Today, we’re going to talk about Sysmon which was written by Mark Russinovich and Thomas Garnier. You can get this pretty amazing tool from sysinternals.com.
I will show you how to set up Sysmon correctly, as well as how to update it with a custom configuration.
In addition, I’m super excited to show you tools that our team wrote to support system logging and to extract information about what is happening, for example, with your processes communicating with the network.
Let’s dive into Sysmon.
How to install Sysmon?
We will start with the installation of Sysmon. We’ve got the installation file, Sysmon.exe and we can just run a question mark here to find out what kind of options do we have.
One of the interesting things is that even if you don’t specify any particular settings, Sysmon will be installed without any problems and that’s what we’re going to do at the very beginning.
As you see, there is an option -c, and we can update the configuration whenever Sysmon is already installed. We are going to do that as well. We can also specify the hash algorithms.
We can specify SHA-1 but you also have plenty of other options. A particularly interesting one is imphash which is like an import hash. We’re can rely on the list of imports for a certain image file.
This is quite interesting especially when developers are changing the version of the file and so on, but the list of imports remains the same.
Also, we have -l, for the loading of modules. We also have, for example, an interesting one which is -n which is used for logging different types of network connections. We’re going to actually do a quite interesting step around that. -r is also very cool: check for a signature certificate for verification. So, we can verify the signatures and if the certificate was revoked or not.
Anyway, let’s move on and actually install Sysmon. I’m going to clear the screen and type sysmon one more time, and we do -i to install it, -h to specify that we would like to log MD5, for example, and then we’re going to do -l to log different types of modules being loaded which could, for example, be a DLL or any other thing. The next step we’re going to specify is -n. That’s going to be our Sysmon installation.
For now, we can verify how it logs within the event logs. I’m going to start Event Viewer.
Let it begin
We’re going to go to Applications and Service logs, Microsoft, Windows, and then Sysmon. Let it begin. We’ve got Sysmon operational log where we’ve got all the details that we have chosen to load.
Of course, there are many more different types of events we could use over here. We’ve got, right now, ten events to be logged. By default, some of them are not logged. This is a subject for another post where we will be talking about the Create Remote threat and raw access to the disc. For now, we’re going to focus on the extraction of hashes and IP addresses from the log.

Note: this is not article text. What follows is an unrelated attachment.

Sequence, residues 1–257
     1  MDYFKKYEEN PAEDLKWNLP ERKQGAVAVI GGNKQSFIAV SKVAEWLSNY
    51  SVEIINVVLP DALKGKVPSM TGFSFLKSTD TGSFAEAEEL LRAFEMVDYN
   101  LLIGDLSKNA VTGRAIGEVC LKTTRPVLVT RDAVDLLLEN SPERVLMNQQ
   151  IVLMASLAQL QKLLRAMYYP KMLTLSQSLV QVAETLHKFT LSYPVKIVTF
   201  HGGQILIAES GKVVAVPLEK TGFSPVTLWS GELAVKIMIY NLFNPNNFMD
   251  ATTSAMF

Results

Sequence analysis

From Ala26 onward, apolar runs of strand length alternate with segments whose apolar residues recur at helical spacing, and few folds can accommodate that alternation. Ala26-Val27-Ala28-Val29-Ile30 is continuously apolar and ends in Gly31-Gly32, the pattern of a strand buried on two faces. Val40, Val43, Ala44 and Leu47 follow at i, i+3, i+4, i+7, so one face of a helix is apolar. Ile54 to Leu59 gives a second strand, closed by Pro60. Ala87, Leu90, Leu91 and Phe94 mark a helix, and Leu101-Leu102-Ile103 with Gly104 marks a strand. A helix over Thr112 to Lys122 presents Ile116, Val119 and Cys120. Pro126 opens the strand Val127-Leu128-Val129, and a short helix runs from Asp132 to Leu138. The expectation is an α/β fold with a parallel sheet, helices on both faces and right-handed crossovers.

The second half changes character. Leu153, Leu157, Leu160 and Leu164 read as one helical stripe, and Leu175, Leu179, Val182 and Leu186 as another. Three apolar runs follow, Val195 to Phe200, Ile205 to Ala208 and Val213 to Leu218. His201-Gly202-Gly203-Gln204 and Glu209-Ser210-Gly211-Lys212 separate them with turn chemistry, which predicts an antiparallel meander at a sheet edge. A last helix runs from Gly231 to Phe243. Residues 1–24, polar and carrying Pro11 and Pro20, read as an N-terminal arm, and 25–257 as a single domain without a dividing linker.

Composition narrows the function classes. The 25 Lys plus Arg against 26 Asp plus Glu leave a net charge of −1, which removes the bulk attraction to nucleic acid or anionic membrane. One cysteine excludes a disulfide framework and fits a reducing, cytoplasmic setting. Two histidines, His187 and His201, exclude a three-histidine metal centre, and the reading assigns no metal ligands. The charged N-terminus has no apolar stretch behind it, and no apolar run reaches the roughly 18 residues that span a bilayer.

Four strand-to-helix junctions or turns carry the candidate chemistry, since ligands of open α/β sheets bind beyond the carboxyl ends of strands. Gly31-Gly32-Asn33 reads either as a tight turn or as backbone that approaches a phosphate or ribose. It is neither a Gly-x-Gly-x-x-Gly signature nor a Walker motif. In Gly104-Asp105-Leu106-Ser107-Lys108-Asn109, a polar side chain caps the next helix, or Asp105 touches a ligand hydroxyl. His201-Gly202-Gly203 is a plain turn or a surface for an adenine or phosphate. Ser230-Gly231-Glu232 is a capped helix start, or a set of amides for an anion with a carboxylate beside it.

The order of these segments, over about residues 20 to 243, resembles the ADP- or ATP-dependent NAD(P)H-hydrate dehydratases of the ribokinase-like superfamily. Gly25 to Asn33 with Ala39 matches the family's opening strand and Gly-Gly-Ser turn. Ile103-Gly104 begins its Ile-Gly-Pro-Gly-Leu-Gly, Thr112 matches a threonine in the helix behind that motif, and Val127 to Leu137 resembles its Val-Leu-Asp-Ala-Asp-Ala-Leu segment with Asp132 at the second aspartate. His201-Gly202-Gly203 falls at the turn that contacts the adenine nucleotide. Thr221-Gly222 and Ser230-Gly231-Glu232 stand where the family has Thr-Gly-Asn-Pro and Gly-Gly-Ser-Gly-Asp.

Sysmon is great because it allows you to monitor, in our configuration currently, a process creates an event and also a process terminated event. Whenever, for example, a process is started, we can spot that that particular process, for example, had the following parameters of execution.
Also, we can know who was executing this and what the parent image that was launching this process was. This is pretty interesting when you are analyzing a lot of things like who started a certain executable which may be malware.
Having gotten access to the log, which is interesting to us by now is to verify what the path is. So, we can go into the properties of the log and we can see its path is Windows \ System 32 \ Winevt \ logs. I’m going to just copy this path and we’re going to play a little bit on it, but first of all, we will update the Sysmon configuration. Let’s do that.
I have created our config file before writing this article. This is config.xml and that config file contains a schema version which is quite important depending on which Sysmon version you actually run. We will update the configuration by different hash algorithms. So, in this case, we’re going to not only log on MD5, but also SHA256, and we are including here all of the network events.
This is quite surprising, but we are excluding nothing. It means that we are logging on everything, in this if I want to create a remote thread, even though we are not focusing on this one this time. Also, raw access read and I am excluding different types of events. Here I am including, for the create a remote thread, different types of events.
Let’s update the system configuration. We will do Sysmon -c config.xml, which is very easy, and based on that we are able to update the configuration.
From now, when we verify within the event log what’s happening, we should be able to log on to different types of hashes. Not only MD5, but also SHA256.